Right now, high school seniors are finishing up exams and many are gearing-up for college.
But only the most elite will be accepted into one of the nation's top three military academies.
The application process is grueling. Not only do you have to be an academic star, and a leader in your school but you have to pass a physical fitness challenge to get into one of these colleges.
News 5's Julie Newman met a senior graduating from Dobyns Bennett High School who applied to all three military academies and the results are unbelievable.
Meaghan Allen has always known she wanted to help people.
"As I grew-up I started looking for colleges that I wanted to apply to and started to try and direct my life-course, I realized the service academies seemed to be a great fit for me," she said.
Her dad went to West Point Military Academy and she thought she might follow in his footsteps. But those are big shoes to fill.
According to USA Today, it's five times as complex to apply for a military academy, as it is for most colleges.
So she applied to the top three: West Point, the Naval Academy and the Air Force Academy. Each ranks in the top 30 liberal-arts colleges by U.S. News & World Report.
And Meaghan got in to all three.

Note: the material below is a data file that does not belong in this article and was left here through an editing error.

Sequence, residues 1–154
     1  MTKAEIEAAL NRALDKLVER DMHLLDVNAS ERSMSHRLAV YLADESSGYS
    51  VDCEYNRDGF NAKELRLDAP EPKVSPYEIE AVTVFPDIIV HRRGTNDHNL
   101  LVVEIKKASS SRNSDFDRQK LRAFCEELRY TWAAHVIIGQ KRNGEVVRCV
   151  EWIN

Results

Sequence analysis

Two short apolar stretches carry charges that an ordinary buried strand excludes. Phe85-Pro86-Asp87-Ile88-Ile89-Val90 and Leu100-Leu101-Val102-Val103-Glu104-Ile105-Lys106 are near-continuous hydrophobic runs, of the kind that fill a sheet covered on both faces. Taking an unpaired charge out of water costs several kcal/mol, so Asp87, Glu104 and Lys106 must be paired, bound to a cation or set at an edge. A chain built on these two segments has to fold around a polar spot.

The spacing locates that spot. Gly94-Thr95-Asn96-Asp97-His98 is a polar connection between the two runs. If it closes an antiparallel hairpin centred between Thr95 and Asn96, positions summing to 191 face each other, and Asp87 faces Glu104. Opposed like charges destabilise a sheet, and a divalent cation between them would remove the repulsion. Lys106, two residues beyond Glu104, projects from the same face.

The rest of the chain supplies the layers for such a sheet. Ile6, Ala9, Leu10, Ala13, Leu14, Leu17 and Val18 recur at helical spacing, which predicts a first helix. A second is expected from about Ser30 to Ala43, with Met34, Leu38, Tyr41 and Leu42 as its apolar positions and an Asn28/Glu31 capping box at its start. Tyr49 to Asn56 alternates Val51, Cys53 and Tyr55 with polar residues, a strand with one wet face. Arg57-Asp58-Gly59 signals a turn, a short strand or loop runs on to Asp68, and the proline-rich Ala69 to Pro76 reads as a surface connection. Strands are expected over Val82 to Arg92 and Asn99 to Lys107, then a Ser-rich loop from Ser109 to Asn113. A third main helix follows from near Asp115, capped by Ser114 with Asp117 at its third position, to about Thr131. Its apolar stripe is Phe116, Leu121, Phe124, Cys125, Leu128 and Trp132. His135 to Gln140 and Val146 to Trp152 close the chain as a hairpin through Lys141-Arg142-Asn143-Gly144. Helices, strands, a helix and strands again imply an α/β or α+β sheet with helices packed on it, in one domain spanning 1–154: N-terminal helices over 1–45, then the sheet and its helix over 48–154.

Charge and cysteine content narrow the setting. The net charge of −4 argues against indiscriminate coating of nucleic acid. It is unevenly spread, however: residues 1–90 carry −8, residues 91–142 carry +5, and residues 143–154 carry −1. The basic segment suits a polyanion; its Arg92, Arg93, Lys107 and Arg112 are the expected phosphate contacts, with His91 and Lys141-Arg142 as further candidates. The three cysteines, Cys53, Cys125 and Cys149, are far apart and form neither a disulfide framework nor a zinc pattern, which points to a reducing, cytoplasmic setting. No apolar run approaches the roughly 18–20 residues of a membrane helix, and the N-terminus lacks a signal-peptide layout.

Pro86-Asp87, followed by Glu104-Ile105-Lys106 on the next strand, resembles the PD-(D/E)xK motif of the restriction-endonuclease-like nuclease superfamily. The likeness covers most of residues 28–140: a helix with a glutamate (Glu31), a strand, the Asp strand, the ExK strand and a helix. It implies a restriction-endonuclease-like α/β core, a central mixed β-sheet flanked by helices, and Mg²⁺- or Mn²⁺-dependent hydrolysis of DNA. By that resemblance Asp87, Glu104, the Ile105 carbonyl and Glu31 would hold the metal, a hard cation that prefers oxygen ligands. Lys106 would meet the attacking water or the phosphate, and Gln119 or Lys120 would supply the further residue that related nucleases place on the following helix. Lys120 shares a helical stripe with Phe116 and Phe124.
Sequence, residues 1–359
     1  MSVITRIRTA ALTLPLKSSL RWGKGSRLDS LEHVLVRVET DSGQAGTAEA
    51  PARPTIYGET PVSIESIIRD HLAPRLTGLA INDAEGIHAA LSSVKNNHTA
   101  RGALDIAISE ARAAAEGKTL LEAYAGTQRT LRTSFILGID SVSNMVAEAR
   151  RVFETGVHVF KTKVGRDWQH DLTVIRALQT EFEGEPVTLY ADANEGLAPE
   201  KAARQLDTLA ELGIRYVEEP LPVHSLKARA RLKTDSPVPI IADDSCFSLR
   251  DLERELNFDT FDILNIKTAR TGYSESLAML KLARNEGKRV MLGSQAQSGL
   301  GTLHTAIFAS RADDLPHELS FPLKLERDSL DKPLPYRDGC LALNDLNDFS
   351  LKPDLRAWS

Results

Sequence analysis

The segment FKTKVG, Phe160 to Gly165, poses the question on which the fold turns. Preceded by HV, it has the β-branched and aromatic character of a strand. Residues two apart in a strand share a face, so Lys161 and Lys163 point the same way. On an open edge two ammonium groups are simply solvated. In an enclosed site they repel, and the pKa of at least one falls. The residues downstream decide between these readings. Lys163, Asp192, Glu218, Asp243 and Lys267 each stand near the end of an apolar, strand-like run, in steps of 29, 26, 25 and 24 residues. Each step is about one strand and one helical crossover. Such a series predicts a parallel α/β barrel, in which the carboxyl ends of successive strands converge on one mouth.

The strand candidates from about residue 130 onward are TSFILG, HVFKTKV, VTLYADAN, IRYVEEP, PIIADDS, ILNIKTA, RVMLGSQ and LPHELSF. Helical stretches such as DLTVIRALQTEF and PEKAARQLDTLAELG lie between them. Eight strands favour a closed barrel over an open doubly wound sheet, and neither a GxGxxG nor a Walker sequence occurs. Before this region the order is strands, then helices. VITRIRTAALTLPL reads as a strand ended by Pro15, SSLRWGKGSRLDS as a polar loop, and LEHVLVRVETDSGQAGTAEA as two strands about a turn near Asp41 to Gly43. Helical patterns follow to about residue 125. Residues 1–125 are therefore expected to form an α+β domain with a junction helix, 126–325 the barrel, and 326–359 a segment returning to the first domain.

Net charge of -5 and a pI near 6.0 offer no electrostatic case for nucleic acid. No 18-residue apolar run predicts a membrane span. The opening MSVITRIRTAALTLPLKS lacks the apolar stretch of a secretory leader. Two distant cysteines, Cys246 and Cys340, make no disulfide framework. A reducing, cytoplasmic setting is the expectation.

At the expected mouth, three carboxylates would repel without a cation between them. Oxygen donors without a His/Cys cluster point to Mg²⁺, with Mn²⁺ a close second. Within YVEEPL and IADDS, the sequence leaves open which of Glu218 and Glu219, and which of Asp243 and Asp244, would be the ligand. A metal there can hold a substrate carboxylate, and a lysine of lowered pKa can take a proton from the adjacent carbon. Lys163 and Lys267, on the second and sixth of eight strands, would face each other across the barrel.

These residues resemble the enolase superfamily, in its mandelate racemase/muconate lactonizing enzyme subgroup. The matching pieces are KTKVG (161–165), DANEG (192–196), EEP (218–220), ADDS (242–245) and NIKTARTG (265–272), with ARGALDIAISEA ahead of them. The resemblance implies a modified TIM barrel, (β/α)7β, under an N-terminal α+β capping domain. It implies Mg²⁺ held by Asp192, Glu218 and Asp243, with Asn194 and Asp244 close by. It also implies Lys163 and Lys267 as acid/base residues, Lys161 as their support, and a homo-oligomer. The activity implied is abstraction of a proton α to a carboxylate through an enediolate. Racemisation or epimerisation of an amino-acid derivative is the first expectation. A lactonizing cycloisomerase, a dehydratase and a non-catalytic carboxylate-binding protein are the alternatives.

"No one in our school has ever been appointed to all three. And again, per my research, only an handful of cadets across the entire country - across the entire globe - have been appointed to all three," said DB Principal Chris Hampton.
Col. (Ret) Eric Vogt, U.S Air Force, ROTC Instructor, said, "I think, on average, there's usually 10-to-15,000 initial applicants for 500 slots at the service academies."
Meaghan wants to study medicine and go into the med corps to study infectious diseases. And she chose the academy that best fit her goals.
"Naval Academy. Go Navy," she said.
Behind that lighthearted smile, is a hard worker. Meaghan is graduating in the top 3-percent of her class at Dobyns Bennett, with a 4.3 GPA.
"Students need to have in the high 20's low 30's for ACT scores. They need to be student leaders. They need to be academically outstanding. And they've got to be the total package," said Vogt.
She also needed recommendations from lawmakers. U.S. Senator Bob Corker and U.S. Congressman Phil Roe both wrote letters on her behalf.
But going to a college like this, takes more than just good grades. It takes a good heart.
"Not only does the academy look for someone who is a well rounded individual, but they look for someone who has similar ethics and morals to them, and who will uphold their standards," she said.
The Navy will pick up her college tuition, and provide her a paycheck as a mid-shipman. In return, she will serve our country for at least 5 years.
"With all of her attributes, Meaghan is the type of student who not only represent our school and our community and her family exceedingly well, I have no doubt that she will represent our country in the service academy in the same fashion," the principal said.
Dobyns Bennett has three other students who have accepted appointments to military academies. A fellow classmate is going with Meaghan to the naval academy. One will be attending West Point for the Army while another is enrolled at the Merchant Marine Academy.